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Meth Trafficking Charges in South Carolina

Meth trafficking charges in South Carolina

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Meth trafficking charges in South Carolina are complex and can seem overwhelming to the average citizen. Depending on the amount of illegal substances you have in your possession, you may be charged with drug trafficking. This could include anything from recreational use levels all the way up to detailed networks involved in dealing large amounts of drugs. Similarly, regardless of whether or not drugs were actually found in your possession, if it is determined that you were conspiring to transport or sell drugs illegally you can still be charged with drug trafficking.

Drug trafficking is a serious offense in South Carolina and those convicted may face harsh consequences and severe penalties. If you are facing drug trafficking allegations, it is advisable to seek the guidance of a knowledgeable drug crime attorney in order to understand your rights and explore alternative penalties.

Call Touma Law Group today at 864-618-2323 to receive a free consultation and one of our drug trafficking defense attorneys will help create a meth charge defense for your case in order to ensure fair treatment under the law.

What is Meth? 

Crystal meth, often referred to simply as “meth”, is a powerful synthetic drug that has become increasingly popular in various parts of South Carolina. It is chemically similar to certain drugs used to treat attention deficit disorders because they are both part of the amphetamine family. However, while valid prescription amphetamines are legal and safe for use when taken under doctors’ directions, methamphetamine is a dangerous substance and is illegal under all circumstances.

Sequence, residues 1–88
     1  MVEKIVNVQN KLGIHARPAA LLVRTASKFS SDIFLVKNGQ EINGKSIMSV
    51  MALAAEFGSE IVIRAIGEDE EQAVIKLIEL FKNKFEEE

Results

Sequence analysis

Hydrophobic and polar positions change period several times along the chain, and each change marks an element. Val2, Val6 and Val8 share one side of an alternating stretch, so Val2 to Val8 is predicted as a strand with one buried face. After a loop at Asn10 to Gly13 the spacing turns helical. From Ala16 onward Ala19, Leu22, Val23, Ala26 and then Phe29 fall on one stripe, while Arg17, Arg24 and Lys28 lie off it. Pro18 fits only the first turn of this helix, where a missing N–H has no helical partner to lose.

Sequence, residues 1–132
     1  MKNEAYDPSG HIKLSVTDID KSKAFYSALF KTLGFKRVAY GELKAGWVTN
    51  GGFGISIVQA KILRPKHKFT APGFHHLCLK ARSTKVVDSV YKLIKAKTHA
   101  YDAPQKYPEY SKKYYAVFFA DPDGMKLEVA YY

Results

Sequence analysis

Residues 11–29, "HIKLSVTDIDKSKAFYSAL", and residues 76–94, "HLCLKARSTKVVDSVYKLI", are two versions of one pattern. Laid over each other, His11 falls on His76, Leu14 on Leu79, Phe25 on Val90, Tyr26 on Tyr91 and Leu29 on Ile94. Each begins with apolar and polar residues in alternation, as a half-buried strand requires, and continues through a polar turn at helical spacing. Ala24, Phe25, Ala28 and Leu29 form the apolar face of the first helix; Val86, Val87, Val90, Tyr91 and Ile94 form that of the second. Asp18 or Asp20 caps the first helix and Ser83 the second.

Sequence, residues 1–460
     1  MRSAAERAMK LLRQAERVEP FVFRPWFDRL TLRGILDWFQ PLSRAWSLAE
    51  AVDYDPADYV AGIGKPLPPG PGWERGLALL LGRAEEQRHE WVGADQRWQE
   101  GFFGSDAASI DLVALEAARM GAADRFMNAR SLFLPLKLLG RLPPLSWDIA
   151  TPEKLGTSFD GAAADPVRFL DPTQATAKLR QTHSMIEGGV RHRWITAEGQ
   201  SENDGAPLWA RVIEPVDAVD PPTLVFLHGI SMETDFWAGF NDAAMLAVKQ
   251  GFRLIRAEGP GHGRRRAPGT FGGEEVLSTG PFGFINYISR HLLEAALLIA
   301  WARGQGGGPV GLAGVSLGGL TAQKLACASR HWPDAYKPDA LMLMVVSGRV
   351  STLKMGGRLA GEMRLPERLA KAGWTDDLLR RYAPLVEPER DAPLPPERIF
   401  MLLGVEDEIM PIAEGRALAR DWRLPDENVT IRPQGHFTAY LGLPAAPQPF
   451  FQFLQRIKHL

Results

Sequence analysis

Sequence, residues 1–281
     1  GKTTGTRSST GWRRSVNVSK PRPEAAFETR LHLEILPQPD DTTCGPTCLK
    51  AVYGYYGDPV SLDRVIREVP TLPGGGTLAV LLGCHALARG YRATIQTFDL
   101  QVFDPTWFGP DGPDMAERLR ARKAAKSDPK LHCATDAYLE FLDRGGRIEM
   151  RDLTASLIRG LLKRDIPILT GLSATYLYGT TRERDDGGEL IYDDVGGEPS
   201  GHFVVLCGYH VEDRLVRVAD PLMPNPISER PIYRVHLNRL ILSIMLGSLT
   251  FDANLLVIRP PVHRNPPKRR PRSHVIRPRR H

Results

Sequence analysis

Adam Touma, Greenville and Columbia Drug Trafficking Lawyer

The manufacture, sale, and possession of methamphetamine in South Carolina are all deemed crimes punishable by law in the state’s Code Section 44-53-375. Unfortunately, crystal meth has become so easy to create using only household items, that in many parts of the state residential homes have been adopted as makeshift drug laboratories. 

Simple Possession of Meth 

According to the South Carolina Code Section 44-53-375 (A), individuals found in possession of crystal meth are subject to the "simple possession" section of the law, at minimum. Additional charges may be imposed if the user is found to have the intention to distribute or traffic the drug. The concept of simple possession typically pertains to quantities of methamphetamine that are less than one gram.

FAQ: What are the different types of meth charges in South Carolina?

A first offense can result in a misdemeanor with potential penalties of up to three years of jail time and a fine of up to $5,000. A second offense may result in a felony offense, which carries potential penalties of up to 5 years in prison and a fine of up to $7,500. Committing three or more offenses can result in a felony charge, which carries potential criminal penalties of up to 10 years in prison and a fine of $12,500.

Trafficking Meth Charge

Trafficking methamphetamine is considered a serious criminal offense and is associated with severe legal consequences in South Carolina. If an individual is discovered with over 1g of meth, the state of South Carolina will infer the intention to distribute or traffic the substance. Individuals may face charges of trafficking methamphetamine if they are involved in the production of meth or are under suspicion of manufacturing meth. All of the penalties for drug trafficking meth are classified as felony charges.